And here I am two months later, completely converted. We’ve reduced our support load by two-thirds. The first trick is to…
Setup forwarding emails for your team.
A personalized forwarding email is an email address that looks like it’s a personal email, but actually gets sent to the entire team. For example, my regular email address is firstname.lastname@example.org, but I also have a forwarding address setup at email@example.com. (Notice the extra “t”!)
Whenever anyone emails firstname.lastname@example.org, their question doesn’t actually go to my personal inbox, it goes into our Help Scout account, so they are guaranteed a much faster response time! You can checkout more about how it works from this Customer.io blog post.
Bugsnag uses a similar method:
Case Study: Bugsnag
When we switched to Help Scout, we wanted to keep the personal feel of direct emails, so we set up a forwarding system that mimics our real email addresses. Emails to
email@example.com get forwarded to our team’s Help Scout inbox. And when we reply to support requests in Help Scout, the customer sees the reply from
firstname.lastname@example.org so the whole process is completely transparent.
It works well with our welcome and drip emails too. We automatically send a personalized welcome email from
email@example.com address after a customer signs up, and any replies go straight into our support system. That way, if I’m out of town, my co-founder can still reply and make sure our customers stay happy.
Once you’ve setup a dedicated forwarding email, you never have to worry about specific support requests getting lost in the shuffle. And then anyone on your team can start answering support requests.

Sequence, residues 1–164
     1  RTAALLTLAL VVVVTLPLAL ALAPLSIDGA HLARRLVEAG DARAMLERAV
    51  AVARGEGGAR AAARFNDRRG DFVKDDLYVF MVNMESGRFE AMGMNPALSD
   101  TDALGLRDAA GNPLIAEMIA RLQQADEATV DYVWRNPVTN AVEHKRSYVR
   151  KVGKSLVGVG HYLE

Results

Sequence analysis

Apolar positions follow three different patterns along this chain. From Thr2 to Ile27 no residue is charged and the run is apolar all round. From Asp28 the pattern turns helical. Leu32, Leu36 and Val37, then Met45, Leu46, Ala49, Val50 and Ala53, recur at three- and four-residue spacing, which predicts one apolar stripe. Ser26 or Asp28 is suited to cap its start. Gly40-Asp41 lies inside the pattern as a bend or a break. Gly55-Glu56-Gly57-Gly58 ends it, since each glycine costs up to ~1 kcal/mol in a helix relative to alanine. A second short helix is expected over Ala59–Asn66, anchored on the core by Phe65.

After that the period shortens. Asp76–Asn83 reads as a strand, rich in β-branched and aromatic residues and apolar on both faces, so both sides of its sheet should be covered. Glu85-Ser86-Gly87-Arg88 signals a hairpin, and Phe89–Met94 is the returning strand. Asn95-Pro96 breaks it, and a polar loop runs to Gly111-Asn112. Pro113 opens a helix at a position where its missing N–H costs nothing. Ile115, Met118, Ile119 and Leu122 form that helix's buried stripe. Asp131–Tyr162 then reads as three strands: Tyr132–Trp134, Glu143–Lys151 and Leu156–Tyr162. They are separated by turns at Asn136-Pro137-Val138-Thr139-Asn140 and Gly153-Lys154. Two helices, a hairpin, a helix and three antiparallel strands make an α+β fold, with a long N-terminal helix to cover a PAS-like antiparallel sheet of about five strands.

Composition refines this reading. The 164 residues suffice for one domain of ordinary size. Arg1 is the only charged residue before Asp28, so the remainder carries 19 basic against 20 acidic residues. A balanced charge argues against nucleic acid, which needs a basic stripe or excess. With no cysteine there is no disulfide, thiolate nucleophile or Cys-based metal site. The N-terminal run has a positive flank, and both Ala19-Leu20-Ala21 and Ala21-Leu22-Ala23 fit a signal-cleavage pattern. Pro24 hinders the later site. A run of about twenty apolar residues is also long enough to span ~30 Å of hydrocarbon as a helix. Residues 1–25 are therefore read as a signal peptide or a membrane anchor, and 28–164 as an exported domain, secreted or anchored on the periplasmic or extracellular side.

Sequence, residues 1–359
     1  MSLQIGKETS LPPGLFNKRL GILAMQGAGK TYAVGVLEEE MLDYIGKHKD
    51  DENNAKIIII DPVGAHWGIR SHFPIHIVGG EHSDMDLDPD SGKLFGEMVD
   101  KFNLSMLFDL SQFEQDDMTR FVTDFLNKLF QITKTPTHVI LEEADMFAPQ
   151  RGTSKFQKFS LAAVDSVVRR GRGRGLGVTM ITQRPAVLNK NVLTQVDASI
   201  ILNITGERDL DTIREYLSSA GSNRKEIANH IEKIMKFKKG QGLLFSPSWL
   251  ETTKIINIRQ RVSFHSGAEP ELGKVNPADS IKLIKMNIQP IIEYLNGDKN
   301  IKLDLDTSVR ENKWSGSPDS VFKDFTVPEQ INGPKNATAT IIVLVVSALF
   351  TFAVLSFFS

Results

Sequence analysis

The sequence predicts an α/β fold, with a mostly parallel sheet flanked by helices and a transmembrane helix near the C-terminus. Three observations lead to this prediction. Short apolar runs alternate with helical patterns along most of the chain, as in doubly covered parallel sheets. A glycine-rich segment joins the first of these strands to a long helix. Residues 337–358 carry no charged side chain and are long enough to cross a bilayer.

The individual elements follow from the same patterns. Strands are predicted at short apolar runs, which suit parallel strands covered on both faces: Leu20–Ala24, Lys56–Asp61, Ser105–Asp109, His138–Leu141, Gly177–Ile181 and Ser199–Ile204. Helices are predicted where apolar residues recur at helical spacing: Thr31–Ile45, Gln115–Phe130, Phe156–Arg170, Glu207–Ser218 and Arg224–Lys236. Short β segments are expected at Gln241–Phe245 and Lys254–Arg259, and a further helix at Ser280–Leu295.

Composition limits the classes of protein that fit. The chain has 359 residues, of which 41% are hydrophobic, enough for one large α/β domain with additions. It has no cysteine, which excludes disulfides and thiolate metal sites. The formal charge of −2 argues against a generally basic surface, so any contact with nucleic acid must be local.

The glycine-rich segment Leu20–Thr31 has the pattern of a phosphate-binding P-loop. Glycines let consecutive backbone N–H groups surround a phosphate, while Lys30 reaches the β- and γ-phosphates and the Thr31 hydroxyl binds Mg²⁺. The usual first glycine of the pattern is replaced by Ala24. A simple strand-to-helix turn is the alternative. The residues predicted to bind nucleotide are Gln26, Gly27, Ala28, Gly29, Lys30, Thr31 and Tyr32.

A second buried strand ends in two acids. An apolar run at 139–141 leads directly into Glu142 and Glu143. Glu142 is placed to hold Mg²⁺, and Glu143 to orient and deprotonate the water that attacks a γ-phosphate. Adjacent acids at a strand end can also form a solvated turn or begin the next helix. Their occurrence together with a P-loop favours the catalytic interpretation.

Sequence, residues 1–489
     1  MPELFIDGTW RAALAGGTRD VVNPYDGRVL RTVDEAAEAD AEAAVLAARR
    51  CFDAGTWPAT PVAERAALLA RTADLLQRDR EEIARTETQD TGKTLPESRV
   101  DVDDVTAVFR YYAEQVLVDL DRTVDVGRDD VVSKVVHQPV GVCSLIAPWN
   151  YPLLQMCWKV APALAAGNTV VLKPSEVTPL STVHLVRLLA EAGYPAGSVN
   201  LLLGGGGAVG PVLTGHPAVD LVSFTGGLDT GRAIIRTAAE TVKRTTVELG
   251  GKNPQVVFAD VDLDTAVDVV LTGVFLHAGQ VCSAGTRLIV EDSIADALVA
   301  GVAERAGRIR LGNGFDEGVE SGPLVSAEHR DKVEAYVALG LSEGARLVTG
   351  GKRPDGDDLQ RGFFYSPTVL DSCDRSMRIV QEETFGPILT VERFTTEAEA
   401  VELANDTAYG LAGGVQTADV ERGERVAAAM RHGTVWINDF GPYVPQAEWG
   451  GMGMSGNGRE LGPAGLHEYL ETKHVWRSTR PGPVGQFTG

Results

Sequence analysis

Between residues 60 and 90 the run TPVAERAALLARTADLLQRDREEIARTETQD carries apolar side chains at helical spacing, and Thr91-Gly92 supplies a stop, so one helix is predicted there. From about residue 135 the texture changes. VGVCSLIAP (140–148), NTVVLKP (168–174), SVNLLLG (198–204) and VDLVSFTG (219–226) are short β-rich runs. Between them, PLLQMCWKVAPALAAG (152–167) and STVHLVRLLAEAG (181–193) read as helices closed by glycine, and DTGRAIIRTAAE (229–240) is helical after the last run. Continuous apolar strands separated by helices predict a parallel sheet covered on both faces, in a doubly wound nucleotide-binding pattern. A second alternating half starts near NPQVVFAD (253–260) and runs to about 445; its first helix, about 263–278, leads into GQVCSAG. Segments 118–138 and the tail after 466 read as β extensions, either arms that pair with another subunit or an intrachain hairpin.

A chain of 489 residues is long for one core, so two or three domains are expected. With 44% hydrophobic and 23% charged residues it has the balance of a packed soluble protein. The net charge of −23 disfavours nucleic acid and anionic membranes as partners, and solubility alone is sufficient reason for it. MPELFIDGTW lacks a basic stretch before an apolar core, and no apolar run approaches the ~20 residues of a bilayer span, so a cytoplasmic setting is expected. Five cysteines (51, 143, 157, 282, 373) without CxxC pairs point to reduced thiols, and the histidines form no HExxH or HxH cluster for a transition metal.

Which brings us to the next point. Now that support can be managed by anyone, you’ll want to…
Rotate your support leader.
At Segment we rotate who’s in charge of support on a regular basis. I’ve been handling it myself for the past two weeks, and next week Calvin will take over. There’s no real schedule, it’s all about who has bandwidth to spare and can assume the role of the support load balancer. That way no one ever gets too burnt out on doing support.
Quick tip: When you swap your support leader make sure to update your drip emails to have the new leader’s name! That way things don’t get awkward when Jim starts replying to Susan’s emails.
Wistia calls their leader a “traffic cop”:
Case Study: Wistia
Have a traffic cop. One person from the team performs triage on the inbox, looking for conversations in-process (i.e. replies) and assigns them to the correct person. This again reduces inbox fatigue.
At Wistia, when we hear about a bug that the original developer can track down much faster than a support team member, I assign the conversation to them, with a note highlighting key information from the thread.